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Introducing the fraction notation

It is not uncommon to see fraction notation introduced as a way of recording a double count. First we count the number of parts shaded, next we count the total number of parts and then record the first count over the second count as a description of a fraction, as in the following figure.

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Two-thirds resulting from a double count

Developing fraction notation from two counts relies upon an additive interpretation as the fixed nature of the whole is ignored. If the whole is ignored in naming fractions, the logical errors associated with fraction operations are reinforced.


An additive interpretation of fractions due to lack of reference to the whole

The emphasis in teaching fractions on counting the number of parts has meant that some students have developed concept images for fractions that are solely dependent on the number of parts represented. In the following example, the student has made three equal parts to represent one-third and six equal parts to represent one-sixth. That is, the number of parts corresponding to the denominator appears to represent the fraction. 

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For some students, fractions are defined solely by the number of parts without attention to the equality of all of the parts. In the following example, the student has represented fractional quantities as the number of parts out of the total number of parts. This is not a comparison of areas but rather a comparison of the number of parts.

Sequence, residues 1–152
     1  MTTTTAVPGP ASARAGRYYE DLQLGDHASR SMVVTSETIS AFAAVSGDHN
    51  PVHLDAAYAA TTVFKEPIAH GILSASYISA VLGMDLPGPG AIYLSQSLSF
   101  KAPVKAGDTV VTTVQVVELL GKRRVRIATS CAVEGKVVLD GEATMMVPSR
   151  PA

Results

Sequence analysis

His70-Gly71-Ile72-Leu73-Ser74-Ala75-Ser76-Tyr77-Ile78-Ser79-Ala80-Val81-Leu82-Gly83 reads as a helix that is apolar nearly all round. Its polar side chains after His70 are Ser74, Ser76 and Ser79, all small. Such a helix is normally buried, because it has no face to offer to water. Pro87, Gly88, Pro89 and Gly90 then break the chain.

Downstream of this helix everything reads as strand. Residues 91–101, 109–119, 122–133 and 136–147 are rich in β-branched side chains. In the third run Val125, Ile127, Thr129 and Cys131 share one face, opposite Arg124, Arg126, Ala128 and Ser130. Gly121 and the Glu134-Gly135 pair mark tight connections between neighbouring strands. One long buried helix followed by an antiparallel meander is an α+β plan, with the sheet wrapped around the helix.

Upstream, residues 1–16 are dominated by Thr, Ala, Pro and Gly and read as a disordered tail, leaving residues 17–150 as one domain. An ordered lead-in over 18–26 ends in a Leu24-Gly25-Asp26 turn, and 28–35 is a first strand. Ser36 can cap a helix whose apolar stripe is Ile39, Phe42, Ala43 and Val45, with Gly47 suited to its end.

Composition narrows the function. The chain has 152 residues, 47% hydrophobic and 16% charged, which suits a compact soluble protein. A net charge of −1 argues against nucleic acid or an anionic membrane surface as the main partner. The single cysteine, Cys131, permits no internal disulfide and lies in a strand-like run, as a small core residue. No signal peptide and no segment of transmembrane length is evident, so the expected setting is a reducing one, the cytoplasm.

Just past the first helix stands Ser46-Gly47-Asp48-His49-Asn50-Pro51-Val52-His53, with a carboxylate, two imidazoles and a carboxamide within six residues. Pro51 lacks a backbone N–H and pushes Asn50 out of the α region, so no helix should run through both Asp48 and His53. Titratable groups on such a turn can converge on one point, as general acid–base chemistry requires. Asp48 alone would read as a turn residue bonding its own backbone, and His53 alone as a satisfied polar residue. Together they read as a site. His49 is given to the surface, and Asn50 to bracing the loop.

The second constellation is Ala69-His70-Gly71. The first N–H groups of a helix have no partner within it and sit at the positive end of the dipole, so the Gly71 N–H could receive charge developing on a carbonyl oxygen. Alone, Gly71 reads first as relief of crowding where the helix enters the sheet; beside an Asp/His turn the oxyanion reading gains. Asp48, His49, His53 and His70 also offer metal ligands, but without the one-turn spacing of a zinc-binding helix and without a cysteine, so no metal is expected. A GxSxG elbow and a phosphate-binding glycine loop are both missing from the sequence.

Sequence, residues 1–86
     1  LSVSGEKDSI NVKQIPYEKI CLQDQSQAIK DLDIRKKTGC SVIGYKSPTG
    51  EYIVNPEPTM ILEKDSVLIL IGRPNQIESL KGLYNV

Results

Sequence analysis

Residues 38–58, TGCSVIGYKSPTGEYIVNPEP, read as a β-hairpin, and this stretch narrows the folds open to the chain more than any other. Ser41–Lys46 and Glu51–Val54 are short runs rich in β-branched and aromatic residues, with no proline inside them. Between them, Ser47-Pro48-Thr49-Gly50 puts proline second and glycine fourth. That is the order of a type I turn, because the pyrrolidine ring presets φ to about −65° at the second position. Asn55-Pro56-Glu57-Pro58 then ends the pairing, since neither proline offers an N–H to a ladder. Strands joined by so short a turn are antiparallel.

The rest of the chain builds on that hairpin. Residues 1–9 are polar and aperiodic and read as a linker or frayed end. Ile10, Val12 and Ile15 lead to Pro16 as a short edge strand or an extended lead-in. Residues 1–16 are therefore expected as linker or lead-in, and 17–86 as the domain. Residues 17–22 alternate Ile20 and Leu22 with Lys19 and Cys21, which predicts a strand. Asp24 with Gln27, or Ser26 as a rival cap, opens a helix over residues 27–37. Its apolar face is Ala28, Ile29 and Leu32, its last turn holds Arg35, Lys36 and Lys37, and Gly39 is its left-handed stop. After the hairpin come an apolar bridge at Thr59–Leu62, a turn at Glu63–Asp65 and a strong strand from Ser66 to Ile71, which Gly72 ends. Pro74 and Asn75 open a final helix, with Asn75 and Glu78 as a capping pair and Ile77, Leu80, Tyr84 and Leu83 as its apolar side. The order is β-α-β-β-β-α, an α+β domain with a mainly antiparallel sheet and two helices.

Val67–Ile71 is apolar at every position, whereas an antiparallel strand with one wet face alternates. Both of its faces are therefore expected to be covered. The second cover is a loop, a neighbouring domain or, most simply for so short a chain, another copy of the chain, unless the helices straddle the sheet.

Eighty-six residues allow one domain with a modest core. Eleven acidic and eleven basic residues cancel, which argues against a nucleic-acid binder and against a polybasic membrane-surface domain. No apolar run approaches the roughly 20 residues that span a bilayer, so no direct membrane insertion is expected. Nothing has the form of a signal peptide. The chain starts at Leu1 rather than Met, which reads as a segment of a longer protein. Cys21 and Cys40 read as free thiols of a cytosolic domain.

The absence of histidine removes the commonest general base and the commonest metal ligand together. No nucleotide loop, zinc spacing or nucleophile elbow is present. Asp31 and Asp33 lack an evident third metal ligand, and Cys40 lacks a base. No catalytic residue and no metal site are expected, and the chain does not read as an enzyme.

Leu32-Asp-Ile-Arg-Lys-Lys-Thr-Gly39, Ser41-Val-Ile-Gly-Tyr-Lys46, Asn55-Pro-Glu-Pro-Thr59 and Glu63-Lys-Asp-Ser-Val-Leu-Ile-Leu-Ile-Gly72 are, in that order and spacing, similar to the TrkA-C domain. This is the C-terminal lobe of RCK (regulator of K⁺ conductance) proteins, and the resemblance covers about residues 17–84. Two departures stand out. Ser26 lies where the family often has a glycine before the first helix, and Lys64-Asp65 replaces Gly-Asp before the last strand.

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Incomplete fraction concepts can be formed from activities associated with common parts-of-a-whole models. In the above examples the number of parts formed is the defining characteristic of the fraction representations rather than the area of the parts. A similar focus appears when students use equidistant parallel partitioning to form sub-units.

The circle below, shaded by a student to represent one-sixth of the circle, appears to have been subdivided by equidistant parallel partitioning.

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Equidistant partitioning

As using vertical parallel lines works in creating fractions of a rectangular region, some students also attempt to use them in a circular region to produce thirds, fourths or fifths. Parallel partitioning can result in a number of parts that are treated additively, rather than a relationship between areas.

The dominance of the vertical and horizontal directions when forming parts of shapes suggests that some students may only attend to linear distance when dividing regional models, even circles. Equidistant parallel partitioning can also be described as linear partitioning, as attending to length rather than area forms the parts. Linear partitioning is also associated with students using ‘half-way points’ for one-half. The use of linear partitioning can persist well into high school with one major study in New South Wales (Gould, 2008, p. 145) reporting approximately 10% of students in Years 4–8 using parallel partitioning to attempt to represent one-third of a circle.

Instead of seeing the relationship between the parts and the whole, some students see:

  • parts from parallel partitions,
  • a number of parts (not equal parts), and
  • a number of equal parts (not a fraction of the whole).

Although it is a common practice, introducing the standard fraction notation a/b as a ‘count’ interpretation of the regional ‘parts of a whole’ model is very limiting. A more useful introduction of the fraction notation arises from the idea of accumulation of length.

That is, instead of introducing the notation 3/4 as 3 parts out of 4 parts, it is better introduced as adding related units of length: 3/4 of the length is 1/4 of the length and 1/4 of the length and 1/4 of the length.

This also addresses the limitation of the parts of a whole interpretation of fractions; namely, how can you have 5 parts out of 4 parts? Developing a multiplicative interpretation of fractions and their notation is important to understanding why we form common denominators to add or subtract fractions.